The 2016 Tech Culture Award winners have been announced
The outlook for tech workers has perhaps never been brighter as top tech companies look to expand their footprint and bet on moonshot projects while traditional companies innovate through tech, in some cases, disrupting themselves. Google is becoming famous for driverless cars which for them is a moonshot project – one that could be a huge future revenue driver. In response, BMW, the company famous for its tagline, “Ultimate Driving Machine,” is changing to get ready for a world where cars aren’t driven.
Klaus Froehlich, the head of research and development at BMW, told Reuters software engineers will make up 50% of the department within 5 years, an increase from today’s 20%! Kia is investing £1.4 billion over the next 2 years to meet the same challenge.
Every company has become a tech company. Fracking which has been boosted by big data allows oil to be produced as cheaply as $2.50 per barrel! GE is becoming a software company focusing on IoT among other areas. J&J is a tech company and so on.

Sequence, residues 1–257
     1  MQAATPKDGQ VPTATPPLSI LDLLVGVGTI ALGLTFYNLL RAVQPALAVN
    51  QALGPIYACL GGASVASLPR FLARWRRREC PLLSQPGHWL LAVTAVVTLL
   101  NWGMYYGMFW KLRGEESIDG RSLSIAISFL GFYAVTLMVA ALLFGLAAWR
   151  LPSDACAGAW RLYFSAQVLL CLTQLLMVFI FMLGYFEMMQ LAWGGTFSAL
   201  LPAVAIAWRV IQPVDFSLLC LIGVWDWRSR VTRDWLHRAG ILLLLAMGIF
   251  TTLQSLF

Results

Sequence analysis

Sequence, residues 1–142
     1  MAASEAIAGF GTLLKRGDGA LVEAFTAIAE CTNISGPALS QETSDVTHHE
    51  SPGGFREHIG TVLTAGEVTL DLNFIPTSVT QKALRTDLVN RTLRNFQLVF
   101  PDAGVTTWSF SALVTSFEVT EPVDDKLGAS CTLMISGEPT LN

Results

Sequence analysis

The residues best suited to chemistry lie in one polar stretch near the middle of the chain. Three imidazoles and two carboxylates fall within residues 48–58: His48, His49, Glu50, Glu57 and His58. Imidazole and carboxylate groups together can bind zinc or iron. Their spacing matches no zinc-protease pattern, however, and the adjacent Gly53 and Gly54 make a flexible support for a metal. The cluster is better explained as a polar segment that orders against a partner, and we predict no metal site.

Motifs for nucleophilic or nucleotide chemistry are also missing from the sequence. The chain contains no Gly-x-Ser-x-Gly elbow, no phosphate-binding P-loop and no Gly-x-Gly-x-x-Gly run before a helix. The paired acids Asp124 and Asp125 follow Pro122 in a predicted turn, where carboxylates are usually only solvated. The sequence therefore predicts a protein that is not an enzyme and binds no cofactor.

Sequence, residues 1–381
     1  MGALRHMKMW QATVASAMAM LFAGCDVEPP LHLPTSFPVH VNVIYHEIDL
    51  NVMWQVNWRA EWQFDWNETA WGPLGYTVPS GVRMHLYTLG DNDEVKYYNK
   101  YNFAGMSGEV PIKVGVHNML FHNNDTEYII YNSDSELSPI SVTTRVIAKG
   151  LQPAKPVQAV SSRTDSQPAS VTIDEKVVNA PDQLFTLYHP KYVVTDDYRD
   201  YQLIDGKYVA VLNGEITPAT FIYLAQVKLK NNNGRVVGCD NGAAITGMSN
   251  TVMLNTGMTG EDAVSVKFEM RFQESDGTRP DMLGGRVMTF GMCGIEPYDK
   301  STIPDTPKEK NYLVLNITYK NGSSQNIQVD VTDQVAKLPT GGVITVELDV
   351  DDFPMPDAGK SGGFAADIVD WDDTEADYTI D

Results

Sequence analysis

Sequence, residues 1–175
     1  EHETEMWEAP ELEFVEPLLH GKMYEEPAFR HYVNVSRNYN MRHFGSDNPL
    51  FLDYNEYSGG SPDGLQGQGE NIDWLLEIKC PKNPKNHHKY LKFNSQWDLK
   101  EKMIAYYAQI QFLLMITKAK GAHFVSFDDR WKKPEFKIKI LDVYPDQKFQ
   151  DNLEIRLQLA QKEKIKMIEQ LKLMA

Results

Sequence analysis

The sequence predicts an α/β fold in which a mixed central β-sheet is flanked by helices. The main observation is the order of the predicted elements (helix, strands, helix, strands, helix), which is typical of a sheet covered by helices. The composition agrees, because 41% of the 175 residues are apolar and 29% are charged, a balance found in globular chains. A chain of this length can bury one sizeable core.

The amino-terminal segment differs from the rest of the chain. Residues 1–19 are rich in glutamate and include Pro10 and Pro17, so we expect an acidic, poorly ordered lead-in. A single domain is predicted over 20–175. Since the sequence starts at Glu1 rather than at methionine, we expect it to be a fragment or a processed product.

In this new world, software engineers will be the new assets which allow companies to thrive and grow into new areas.
Building and sustaining the ideal tech culture will separate winners from losers in the digital economy.
After pouring over submissions from dozens of companies consisting of hundreds of pages of perks, growth rates, collaboration tools and so on, we’ve named and graded our winners.
The companies selected were given grades ranging from B to A+. Nice Systems received the only A++ because their culture is really that good. Telstra’s Australia office received an A but we felt the New York office deserved an A+.
It is our hope that the annual Tech Culture Award becomes the industry standard measure which separates the truly best environments worth competing for.
If your real-word experience agrees with what we’ve presented or differs, we want to know about it. Please respond in the comments below each entry.